We found a three-hour simulator-based training session had a significant impact on technical skills and performance of neonatal health care providers in identification of ETT position using POCUS. Further research is needed to examine whether these skills are transferable to intubated newborns in various health settings.

Simulation Based Training in Basic Life Support for Medical and Non-medical Personnel in Resource Limited Settings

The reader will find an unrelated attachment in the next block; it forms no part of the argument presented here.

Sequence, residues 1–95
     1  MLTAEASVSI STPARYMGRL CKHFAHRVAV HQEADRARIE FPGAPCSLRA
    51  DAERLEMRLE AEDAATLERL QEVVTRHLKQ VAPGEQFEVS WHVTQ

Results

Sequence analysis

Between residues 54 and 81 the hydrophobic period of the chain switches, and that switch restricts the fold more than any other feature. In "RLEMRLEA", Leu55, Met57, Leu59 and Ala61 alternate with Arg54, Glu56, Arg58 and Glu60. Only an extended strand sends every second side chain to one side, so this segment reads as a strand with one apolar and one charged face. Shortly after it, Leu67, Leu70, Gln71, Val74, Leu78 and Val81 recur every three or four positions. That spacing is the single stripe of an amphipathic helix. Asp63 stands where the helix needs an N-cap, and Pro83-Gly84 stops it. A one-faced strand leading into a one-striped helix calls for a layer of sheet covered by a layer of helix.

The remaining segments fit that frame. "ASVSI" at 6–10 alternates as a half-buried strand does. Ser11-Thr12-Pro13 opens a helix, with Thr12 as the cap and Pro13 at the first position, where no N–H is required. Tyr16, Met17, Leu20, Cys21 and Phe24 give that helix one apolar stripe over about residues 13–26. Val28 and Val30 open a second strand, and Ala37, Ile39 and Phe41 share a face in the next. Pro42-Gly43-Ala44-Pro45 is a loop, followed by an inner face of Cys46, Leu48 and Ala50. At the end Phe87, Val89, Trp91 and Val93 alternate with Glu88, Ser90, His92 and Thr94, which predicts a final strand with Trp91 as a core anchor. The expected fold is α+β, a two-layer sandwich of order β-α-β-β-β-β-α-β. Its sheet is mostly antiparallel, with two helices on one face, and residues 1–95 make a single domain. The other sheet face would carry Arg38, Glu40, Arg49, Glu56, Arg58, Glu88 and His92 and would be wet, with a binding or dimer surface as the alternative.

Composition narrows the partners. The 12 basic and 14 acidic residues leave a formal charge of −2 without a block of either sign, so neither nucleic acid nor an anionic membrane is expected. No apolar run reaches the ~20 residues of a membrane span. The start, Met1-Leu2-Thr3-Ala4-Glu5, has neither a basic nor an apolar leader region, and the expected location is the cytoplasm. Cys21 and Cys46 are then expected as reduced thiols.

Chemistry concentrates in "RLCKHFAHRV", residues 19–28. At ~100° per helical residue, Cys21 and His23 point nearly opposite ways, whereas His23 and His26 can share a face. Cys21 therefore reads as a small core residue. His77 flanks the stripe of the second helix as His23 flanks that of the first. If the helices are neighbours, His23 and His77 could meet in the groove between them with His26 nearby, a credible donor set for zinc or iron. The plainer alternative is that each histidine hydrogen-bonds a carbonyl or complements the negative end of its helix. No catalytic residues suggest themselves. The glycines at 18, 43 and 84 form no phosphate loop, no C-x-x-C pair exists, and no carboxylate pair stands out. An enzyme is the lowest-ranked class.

Medical and non-medical personnel commonly encounter victims of life threatening injuries inflicted by various causes in diverse settings. More than 90% of global deaths and disability adjusted life-years (DALYs) lost because of injuries reportedly occur in low-income and middle-income countries (LMICs). The degree of readiness and competence to manage victims of accidents is likely to vary among individual care givers for knowledge, skill and confidence which would also depend on their training status. It would thus be justified that training in basic life support and other emergency clinical skills be administered to enhance competences in resuscitating the accident victims. Whatever the scale of a mass casualty incident, the first response will be carried out by members of the local community-not just health care staff and designated emergency workers,but also many ordinary citizens. Therefore, both medical and non-medical personnel should be targeted to receive training in basic life support (BLS). In medical training, the traditional (didactic) approach has been suggested to be an efficient and well-experienced training method while with the advances in technology the use of simulation-based medical training (SBMT) is increasing since SBMT provides a safe and supportive educational setting, so that students can improve their performance without causing adverse clinical outcomes. Similarly, the use of simulation based training in BLS would not only reduce the procedural associated risks but also benefit more participants from the public domain than would be the case if the training was conducted on human subjects. Compared with the developed world set-up simulation based training in resource constrained settings may not be that well established. This paper will therefore seek to examine the role of medical simulation as a necessary advancement and supplementary method of training in basic life support for medical and non-medical personnel in resource limited settings